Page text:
Lawyer: Mother of Aaron Hernandez's murder victim asks Patriots for $6 million
Attorney Doug Sheff called it “a friendly challenge” to the Patriots
The mother of Odin Lloyd, who was murdered by former NFL tight end Aaron Hernandez, is asking the New England Patriots for $6 million, according to the Associated Press.
Lloyd's mother, Ursula Ward, is represented by Doug Sheff in a wrongful death suit. And on Friday, two days after Hernandez committed suicide, Ward told reporters about her desire to be compensated by the Patriots.
Attorney Doug Sheff tells reporters he's issued "a friendly challenge" to the Patriots. Hernandez was a star tight end for the team before he was cut in 2013, the same year he killed Odin Lloyd.
Sheff says he's asked the Patriots for $6 million. The team didn't immediately comment on his request.
Sheff is representing Lloyd's mother, Ursula Ward, in a wrongful-death lawsuit. He said Friday he wants to be certain that any of Hernandez's assets go to help support Ward.
As USA Today reported and AP alluded to above, Ward is technically asking the Patriots to make the payment to Hernandez's estate, which will then be given to Lloyd's family due to the wrongful death suit. From USA Today's story:
Ursula Ward's lawyer, Doug Sheff, said at a press conference Friday that Hernandez was ruled legally responsible for Lloyd's death in a wrongful death suit brought on by the family. Sheff said he has issued "a friendly challenge" to the Patriots and the NFL Players Association to voluntarily give Ward whatever money Hernandez might still be owed.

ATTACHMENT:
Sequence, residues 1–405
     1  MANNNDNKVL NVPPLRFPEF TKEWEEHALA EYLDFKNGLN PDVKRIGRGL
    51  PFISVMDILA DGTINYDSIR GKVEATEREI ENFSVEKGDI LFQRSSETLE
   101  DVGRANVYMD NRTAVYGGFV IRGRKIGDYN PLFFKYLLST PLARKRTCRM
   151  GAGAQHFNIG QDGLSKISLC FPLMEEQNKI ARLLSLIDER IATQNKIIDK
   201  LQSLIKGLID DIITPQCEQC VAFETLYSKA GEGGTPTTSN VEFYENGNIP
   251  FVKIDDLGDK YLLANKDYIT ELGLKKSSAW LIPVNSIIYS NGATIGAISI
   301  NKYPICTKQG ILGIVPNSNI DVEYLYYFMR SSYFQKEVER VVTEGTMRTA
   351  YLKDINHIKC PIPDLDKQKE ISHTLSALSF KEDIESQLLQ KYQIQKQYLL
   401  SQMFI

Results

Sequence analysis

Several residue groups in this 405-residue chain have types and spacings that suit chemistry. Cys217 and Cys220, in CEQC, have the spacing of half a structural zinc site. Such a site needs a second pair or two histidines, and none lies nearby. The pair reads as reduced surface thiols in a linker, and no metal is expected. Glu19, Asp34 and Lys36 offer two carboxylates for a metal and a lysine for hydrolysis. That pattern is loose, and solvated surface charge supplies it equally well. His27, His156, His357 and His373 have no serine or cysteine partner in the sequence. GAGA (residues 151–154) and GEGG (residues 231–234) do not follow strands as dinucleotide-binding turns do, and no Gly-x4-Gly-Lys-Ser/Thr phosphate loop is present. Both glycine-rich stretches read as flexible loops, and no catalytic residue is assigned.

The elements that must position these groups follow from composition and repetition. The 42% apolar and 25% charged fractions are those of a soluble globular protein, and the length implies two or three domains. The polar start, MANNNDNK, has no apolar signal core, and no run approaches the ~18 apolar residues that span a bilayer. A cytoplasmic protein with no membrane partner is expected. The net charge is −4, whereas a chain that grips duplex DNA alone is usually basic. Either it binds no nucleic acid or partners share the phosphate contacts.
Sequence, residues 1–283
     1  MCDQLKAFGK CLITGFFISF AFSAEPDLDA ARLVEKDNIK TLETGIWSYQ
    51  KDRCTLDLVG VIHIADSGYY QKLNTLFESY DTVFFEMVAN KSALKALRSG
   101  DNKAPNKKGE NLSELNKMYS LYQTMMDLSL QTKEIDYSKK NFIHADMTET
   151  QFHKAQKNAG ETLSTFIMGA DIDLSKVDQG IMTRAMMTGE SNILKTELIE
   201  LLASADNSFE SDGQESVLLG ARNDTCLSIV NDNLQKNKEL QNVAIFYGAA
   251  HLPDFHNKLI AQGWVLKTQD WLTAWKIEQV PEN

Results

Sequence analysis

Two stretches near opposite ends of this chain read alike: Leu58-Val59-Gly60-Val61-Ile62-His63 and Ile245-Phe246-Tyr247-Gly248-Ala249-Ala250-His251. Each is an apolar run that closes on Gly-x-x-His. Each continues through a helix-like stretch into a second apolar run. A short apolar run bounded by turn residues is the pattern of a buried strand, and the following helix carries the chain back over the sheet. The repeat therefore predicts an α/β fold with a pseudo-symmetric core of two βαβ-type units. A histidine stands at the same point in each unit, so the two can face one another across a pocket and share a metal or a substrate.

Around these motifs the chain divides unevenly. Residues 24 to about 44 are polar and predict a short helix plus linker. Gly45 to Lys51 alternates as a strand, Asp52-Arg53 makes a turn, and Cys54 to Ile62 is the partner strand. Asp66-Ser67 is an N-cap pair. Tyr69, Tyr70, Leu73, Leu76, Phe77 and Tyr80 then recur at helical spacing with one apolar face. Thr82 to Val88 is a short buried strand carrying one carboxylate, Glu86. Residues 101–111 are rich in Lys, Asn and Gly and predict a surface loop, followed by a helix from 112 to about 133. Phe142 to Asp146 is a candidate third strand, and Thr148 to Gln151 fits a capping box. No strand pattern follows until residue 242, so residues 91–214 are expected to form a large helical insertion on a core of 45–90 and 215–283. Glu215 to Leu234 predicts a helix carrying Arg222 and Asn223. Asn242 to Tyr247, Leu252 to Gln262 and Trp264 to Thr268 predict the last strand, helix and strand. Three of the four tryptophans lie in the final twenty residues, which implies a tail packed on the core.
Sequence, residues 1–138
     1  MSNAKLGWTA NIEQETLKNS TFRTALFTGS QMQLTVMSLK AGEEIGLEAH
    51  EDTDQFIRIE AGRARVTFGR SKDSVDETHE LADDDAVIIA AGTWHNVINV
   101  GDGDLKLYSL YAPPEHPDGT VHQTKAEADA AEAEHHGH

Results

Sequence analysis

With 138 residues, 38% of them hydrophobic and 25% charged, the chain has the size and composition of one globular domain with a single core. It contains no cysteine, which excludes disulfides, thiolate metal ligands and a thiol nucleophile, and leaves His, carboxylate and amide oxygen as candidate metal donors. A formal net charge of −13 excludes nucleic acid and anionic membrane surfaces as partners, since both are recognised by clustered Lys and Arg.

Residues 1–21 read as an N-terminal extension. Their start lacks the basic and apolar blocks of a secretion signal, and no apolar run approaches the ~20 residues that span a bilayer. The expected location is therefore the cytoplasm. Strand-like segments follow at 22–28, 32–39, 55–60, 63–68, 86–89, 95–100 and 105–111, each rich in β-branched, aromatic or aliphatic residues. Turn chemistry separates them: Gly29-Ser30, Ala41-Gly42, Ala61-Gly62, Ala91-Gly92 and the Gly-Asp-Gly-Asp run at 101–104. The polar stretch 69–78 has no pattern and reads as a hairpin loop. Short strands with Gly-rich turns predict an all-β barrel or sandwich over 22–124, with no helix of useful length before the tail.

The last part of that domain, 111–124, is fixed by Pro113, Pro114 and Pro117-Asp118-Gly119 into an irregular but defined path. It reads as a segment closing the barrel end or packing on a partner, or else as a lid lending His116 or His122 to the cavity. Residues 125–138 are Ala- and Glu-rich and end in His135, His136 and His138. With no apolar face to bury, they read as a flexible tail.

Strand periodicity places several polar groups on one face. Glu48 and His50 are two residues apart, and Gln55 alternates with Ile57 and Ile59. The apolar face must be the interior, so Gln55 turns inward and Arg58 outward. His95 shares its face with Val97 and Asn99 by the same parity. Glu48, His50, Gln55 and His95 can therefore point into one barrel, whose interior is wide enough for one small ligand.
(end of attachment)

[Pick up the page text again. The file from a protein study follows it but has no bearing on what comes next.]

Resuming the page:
Sheff said he thinks the team might have owed Hernandez up to $6 million. The suit seeks to recover that plus proceeds from the eventual sale of Hernandez's $1.3 million home, a Hummer and any other assets.
Ward said they are moving forward with the lawsuit because it can help the family financially and that she wants to set up a scholarship in Lloyd's name.
In April of 2015, Hernandez was found guilty of first-degree murder of Lloyd in 2013 and was sentenced to life in prison without parole. Hernandez served that sentence until Wednesday, when he committed suicide by hanging himself. But as our Jared Dubin explained, Hernandez technically died as an innocent man in the court's eyes.
The Patriots, who gave Hernandez a contract extension in 2012 that included more than $16 million in guaranteed money, released Hernandez almost immediately after he was arrested and didn't pay him $5.91 million of that guaranteed total.
On Thursday, the Boston Globe's Ben Volin tried to answer if the Patriots still owe that $5.91 million, which is essentially what Ward is asking for, because of the legal technicality that deemed Hernandez an innocent man. Volin concluded that "Hernandez almost certainly was in breach of his contract," which means the Patriots likely won't be forced to pay anything if they don't want to.
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